Employment expert explains how your company can shine as an outstanding employer
The national unemployment rate is just 3.7%. In August, 130,000 new jobs were created.
“The number of Americans who are currently employed is at a high of 157.9 million,” says Rob Wilson, President of Employco USA and employment expert. “Labor force participation has not been this high since August 2013. While this is great news for employers, it means that companies need to work harder to stand out to prospective hires.”
“Working with an employment solutions firm such as Employco USA is a wise way to stand out from the pack,” continues Wilson. “Not only will this help increase the number of candidates you reach and help streamline your hiring procedures, but a human resources firm can also help you to establish a robust benefits package.”
From an economic standpoint, you need to think in terms not only of salary and health insurance, but also a total compensation package, says Wilson.
“There are many benefits which today’s employees are looking for, including whether you match a 401(k), what is the value of the paid time off offered, along with medical, dental, vision, and life insurance” he explains.
Employment expert Rob Wilson discusses how companies can safeguard their staff
Last month, ICE officials detained hundreds of undocumented workers in Mississippi. When the raids (which took place in 7 different cities and 6 different work sites) were complete, 680 employees were in the custody of U.S. Immigration and Customs Enforcement officials.
As the debate over illegal immigration rages on, the Mississippi raids also raise an important concern for companies. How much blame do hiring managers and employers hold when it comes to using undocumented people for labor? Is this just a public relations nightmare and staffing disaster for companies, or can charges be levied against these employers?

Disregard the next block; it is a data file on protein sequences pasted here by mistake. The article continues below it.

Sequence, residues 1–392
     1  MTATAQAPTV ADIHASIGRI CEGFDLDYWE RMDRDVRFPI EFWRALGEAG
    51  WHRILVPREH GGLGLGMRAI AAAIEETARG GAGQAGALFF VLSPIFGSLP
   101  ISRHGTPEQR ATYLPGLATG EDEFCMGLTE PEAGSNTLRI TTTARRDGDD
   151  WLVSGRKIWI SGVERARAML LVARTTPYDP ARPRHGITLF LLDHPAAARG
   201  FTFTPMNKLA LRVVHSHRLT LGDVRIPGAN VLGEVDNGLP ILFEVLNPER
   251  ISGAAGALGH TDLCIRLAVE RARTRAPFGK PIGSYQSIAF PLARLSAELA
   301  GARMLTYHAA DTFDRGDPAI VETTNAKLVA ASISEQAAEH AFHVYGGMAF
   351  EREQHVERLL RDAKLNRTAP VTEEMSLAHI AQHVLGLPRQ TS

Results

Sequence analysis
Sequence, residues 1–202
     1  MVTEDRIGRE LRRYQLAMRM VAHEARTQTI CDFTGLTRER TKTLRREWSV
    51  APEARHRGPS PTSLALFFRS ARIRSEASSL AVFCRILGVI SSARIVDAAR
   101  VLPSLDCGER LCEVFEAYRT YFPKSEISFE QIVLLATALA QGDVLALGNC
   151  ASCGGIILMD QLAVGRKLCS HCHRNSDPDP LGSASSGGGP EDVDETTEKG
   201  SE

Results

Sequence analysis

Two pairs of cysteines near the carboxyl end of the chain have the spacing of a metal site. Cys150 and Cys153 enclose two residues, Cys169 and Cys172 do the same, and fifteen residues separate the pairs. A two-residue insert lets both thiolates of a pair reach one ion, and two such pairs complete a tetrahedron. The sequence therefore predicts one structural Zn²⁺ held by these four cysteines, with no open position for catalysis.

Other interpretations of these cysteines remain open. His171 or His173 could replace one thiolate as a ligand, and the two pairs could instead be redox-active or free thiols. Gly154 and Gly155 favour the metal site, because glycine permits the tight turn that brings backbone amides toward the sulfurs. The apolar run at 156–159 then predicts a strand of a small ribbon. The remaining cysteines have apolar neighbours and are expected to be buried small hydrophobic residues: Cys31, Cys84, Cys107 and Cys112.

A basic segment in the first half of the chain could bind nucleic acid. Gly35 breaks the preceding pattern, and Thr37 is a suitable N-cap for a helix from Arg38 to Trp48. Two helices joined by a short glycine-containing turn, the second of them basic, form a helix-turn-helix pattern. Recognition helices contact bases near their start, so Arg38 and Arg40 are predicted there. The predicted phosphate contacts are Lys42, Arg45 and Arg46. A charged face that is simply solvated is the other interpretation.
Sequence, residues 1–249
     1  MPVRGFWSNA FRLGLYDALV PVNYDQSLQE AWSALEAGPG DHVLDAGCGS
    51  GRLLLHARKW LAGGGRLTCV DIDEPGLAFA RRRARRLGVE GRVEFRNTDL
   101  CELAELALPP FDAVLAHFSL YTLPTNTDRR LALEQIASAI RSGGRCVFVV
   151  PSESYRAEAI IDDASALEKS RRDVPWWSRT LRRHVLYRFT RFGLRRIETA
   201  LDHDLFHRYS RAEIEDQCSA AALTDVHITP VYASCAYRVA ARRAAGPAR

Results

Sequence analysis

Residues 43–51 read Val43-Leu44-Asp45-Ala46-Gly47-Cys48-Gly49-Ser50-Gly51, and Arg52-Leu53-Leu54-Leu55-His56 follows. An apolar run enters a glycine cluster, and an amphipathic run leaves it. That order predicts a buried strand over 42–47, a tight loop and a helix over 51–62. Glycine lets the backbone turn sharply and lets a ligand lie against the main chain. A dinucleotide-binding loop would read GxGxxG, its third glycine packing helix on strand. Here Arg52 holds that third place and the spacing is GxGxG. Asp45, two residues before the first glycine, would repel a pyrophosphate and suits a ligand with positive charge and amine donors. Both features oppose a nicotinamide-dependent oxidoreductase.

“The answer is yes, to put it simply,” says Rob Wilson, President of Employco USA and employment expert. “It is illegal not only to hire an undocumented person, but also to recruit them or refer them to another employer. Employers who knowingly do so and are shown to have a ‘pattern and practice’ of hiring undocumented workers can be fined $3,000 per worker and even face potential jail time.”
Employment expert explains why Illinois employees can’t be asked about their past salaries any longer
Employers in Illinois will be required to make changes to their hiring practices in the near future. Starting September 29th, it will become illegal for employers to ask prospective employees to share their salary history.
“Currently, 17 states and 19 localities have banned questions about salary history during the application process, and Illinois will be joining these ranks shortly. Several states like Alabama have banned these application questions for all potential employees, and other states like California go so far as to require employers to provide pay scale information if employees request it,” says Rob Wilson, employment trends expert and President of Employco USA.
Wilson says that many experts agree that salary history questions can lead to income inequality for women and minorities.